5 Ways Solar PV Owners Can Keep Winning as Feed in Tariffs are Floored

The Transitional Feed-in Tariff (TFIT) and Standard Feed-in Tariff (SFIT) in Victoria are set to expire on the 31st of December 2016. Solar customers currently enjoying the TFIT & SFIT will see that using the excess electricity generated by their solar panels on site is much more beneficial than exporting it back into the grid.


Average households with small solar systems (1.5 to 2kw) do not use majority of their electricity during the day. As an example, a 1.5kW system in Sydney will generate around 10kWh between 9am and 5pm in summer and around 5 to 7kWh in autumn/spring. Majority of these homes don’t consume more than 3kWh between 7am – 7pm, so even small systems has a relatively high export rate to the grid.

An electrical car charging at daytime is the perfect scenario to use this excess power. However as most solar customers don’t have one yet, we have come up with suggestions on how to maximise this available energy.


1. Upgrade to an efficient hot water system. An average Australian household will use approximately 25% of its energy usage to heating water. Standard electric Hot water systems consume more energy than any other appliances. Switching to a highly efficient heat pump which operates at daytime when the solar panels are producing the maximum output is a definite win. Heat pumps have timers built in which you can set to run at peak solar generation hours.

2.  Run appliances during peak solar generation. Running your washing machine, oven and dishwasher during the day.


3. Change Space Heating and Cooling Times.  Space heating and cooling accounts for the largest segment of household energy use. Split system air conditioner, ducted reverse cycle, low wattage panel heaters or heat pump hydronic systems are the common electrical systems used to  heat or cool a space. The bulk of space heating/cooling occurs at night or in the morning before work. Most people are at work during the day when the house is empty but solar power are at its peak generation.  An electric space heating/cooling appliance can be programmed to at least partially operate during the daytime, using excess solar energy. The aim is to pre-heat or pre-cool the space and reduce the evening energy requirements.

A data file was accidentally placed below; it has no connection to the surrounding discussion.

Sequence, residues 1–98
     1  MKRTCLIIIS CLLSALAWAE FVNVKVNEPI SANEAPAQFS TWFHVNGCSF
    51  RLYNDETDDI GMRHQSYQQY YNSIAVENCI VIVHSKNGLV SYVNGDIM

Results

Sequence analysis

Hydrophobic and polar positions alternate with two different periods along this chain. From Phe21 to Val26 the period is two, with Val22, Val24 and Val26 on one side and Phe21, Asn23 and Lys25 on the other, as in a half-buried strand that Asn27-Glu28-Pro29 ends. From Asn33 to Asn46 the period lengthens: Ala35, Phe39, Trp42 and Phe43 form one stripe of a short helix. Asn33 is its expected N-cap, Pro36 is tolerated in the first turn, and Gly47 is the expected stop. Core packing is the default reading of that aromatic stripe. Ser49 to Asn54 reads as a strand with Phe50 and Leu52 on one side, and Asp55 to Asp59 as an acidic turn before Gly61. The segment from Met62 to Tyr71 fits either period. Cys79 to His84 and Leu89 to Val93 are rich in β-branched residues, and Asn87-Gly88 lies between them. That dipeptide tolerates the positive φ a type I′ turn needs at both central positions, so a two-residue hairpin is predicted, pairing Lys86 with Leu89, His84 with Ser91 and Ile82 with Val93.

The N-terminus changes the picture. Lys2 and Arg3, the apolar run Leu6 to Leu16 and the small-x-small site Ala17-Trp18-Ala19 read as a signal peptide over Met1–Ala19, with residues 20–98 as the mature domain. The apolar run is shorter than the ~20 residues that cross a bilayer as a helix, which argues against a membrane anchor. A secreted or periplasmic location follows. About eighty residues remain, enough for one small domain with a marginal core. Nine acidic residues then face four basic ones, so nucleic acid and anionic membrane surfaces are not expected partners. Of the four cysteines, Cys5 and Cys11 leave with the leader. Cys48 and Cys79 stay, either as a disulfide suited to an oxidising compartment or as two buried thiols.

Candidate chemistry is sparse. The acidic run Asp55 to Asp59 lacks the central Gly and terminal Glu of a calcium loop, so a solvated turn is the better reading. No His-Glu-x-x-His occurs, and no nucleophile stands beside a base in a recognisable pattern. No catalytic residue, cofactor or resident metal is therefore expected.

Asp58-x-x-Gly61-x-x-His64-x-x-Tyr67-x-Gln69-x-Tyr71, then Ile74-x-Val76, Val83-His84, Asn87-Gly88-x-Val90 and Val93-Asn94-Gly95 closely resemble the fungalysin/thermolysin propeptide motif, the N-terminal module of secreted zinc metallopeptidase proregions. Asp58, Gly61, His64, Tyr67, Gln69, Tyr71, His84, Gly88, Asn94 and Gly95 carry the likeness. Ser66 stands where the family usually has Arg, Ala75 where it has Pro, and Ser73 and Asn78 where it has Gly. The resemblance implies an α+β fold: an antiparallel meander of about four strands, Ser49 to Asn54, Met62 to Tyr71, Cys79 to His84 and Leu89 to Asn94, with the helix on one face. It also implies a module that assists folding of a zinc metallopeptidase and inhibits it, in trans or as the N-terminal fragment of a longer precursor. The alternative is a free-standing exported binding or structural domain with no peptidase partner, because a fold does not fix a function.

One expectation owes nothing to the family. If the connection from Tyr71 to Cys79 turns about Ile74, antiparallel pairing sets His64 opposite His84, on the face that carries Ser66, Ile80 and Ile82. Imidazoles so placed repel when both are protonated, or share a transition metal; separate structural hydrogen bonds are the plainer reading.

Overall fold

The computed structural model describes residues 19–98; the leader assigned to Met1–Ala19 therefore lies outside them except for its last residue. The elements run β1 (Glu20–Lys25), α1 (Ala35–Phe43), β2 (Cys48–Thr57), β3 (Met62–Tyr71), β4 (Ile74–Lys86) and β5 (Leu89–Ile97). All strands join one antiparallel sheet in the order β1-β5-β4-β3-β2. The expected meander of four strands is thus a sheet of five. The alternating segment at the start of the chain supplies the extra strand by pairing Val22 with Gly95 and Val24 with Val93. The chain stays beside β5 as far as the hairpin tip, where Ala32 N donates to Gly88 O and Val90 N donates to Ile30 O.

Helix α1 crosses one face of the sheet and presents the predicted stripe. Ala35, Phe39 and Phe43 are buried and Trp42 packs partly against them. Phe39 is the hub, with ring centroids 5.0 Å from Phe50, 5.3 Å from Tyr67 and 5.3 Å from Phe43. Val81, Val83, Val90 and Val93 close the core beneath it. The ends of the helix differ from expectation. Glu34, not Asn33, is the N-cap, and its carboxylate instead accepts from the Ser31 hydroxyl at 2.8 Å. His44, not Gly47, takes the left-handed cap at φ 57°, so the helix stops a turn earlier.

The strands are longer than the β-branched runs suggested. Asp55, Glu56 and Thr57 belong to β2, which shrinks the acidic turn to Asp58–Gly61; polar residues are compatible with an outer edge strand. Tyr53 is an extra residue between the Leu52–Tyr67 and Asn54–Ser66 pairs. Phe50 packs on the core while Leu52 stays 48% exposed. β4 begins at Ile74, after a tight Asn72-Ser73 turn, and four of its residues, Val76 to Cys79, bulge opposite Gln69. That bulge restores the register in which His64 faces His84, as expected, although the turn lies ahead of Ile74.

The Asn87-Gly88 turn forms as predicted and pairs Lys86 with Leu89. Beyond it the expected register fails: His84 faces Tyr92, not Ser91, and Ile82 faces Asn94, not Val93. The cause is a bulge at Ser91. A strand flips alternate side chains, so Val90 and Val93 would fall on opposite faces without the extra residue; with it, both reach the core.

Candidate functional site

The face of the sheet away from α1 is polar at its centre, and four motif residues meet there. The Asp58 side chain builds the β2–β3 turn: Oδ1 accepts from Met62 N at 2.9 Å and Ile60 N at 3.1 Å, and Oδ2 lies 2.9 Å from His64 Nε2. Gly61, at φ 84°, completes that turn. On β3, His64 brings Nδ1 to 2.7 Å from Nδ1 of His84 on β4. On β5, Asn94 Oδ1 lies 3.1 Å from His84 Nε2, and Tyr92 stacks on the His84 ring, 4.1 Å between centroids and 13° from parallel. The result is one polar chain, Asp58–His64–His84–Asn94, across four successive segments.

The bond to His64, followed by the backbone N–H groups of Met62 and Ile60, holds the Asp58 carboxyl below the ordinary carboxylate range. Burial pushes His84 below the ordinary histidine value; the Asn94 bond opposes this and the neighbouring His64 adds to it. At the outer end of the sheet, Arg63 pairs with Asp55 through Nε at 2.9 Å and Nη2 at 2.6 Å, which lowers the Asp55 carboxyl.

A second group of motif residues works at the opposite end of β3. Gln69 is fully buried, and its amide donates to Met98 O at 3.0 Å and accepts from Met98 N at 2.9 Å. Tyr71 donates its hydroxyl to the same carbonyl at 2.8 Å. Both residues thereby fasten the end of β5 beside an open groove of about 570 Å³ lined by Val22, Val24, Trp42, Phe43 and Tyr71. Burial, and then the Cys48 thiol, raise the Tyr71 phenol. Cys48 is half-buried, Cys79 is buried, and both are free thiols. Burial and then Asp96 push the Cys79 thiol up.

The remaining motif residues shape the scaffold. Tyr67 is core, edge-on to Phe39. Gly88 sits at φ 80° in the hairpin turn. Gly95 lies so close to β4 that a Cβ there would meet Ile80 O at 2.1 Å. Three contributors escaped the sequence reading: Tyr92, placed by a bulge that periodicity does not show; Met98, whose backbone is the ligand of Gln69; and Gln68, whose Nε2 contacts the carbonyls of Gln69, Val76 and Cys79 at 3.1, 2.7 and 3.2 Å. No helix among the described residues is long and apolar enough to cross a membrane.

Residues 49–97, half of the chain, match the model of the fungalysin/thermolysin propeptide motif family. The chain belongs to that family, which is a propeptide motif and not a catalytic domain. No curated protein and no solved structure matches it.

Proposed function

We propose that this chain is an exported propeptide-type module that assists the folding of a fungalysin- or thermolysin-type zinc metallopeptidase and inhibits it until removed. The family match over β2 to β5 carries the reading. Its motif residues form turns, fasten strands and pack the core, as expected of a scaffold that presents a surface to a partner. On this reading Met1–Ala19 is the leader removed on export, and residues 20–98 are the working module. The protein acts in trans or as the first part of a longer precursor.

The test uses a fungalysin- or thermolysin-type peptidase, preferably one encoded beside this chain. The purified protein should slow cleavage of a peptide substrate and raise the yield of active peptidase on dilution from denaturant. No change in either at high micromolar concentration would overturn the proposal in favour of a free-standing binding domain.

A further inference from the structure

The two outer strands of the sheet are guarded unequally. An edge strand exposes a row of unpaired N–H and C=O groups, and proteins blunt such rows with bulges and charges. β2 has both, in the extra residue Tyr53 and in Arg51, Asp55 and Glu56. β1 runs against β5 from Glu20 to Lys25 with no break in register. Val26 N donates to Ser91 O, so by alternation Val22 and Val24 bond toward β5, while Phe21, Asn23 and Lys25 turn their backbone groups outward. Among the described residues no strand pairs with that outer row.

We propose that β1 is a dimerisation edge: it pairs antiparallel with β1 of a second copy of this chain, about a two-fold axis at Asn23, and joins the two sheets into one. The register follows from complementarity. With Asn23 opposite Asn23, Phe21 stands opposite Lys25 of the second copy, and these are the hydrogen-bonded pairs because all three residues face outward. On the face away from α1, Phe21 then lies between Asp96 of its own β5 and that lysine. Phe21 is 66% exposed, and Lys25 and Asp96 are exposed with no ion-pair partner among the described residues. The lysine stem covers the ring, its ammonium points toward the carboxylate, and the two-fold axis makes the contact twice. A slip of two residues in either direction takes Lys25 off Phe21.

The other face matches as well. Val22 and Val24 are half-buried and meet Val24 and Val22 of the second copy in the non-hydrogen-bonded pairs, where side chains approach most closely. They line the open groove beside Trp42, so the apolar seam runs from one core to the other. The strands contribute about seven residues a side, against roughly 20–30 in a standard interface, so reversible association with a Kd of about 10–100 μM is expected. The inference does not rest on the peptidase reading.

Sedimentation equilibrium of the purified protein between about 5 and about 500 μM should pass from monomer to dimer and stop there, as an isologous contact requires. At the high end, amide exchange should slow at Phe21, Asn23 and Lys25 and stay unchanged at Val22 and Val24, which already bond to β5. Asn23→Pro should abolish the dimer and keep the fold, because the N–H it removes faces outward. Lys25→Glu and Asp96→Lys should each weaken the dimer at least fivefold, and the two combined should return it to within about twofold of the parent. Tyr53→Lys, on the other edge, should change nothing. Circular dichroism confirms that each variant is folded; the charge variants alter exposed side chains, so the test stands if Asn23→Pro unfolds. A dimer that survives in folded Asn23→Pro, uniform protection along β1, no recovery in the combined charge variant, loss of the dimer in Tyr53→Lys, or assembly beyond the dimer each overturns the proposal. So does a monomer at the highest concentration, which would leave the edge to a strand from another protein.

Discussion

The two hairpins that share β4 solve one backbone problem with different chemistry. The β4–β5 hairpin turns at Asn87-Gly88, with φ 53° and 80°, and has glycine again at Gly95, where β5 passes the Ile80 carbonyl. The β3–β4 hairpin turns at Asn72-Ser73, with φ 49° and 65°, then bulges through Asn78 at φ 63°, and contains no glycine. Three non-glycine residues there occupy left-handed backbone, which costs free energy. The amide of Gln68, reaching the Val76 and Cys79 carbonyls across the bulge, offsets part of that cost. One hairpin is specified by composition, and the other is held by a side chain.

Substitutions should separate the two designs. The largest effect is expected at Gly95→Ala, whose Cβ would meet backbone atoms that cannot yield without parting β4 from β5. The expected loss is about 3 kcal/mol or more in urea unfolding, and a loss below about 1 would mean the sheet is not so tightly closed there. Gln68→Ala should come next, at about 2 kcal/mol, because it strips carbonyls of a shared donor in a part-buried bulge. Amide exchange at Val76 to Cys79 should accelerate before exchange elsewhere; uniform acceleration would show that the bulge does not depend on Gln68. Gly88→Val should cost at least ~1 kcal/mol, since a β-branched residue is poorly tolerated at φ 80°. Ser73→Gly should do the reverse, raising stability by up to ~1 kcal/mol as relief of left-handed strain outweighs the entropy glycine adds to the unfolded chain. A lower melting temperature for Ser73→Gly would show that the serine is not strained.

4. Invest in a battery storage Residential energy storage has been largely confined to off-grid applications, however there are increasing options in home energy storage systems that are more cost-effective and easy to install. Availability of different types of energy storage are also    progressing in fast pace. Households won’t be limited to lithium ion batteries as more efficient and greener storage systems such as  saltwater batteries become readily available


5. Identify the most cost effective retail offer for you. Solar bonus scheme households need to make an important decision. Affected households need to make an important switch from a "gross" metering system (in which all power is sold) to a "net" metering system (in which only surplus power is sold). Now is a good time for you to investigate your metering and other product options to make sure you get the most out of your renewable energy system when the Scheme ends, and to look around to see what competing retailers have to offer.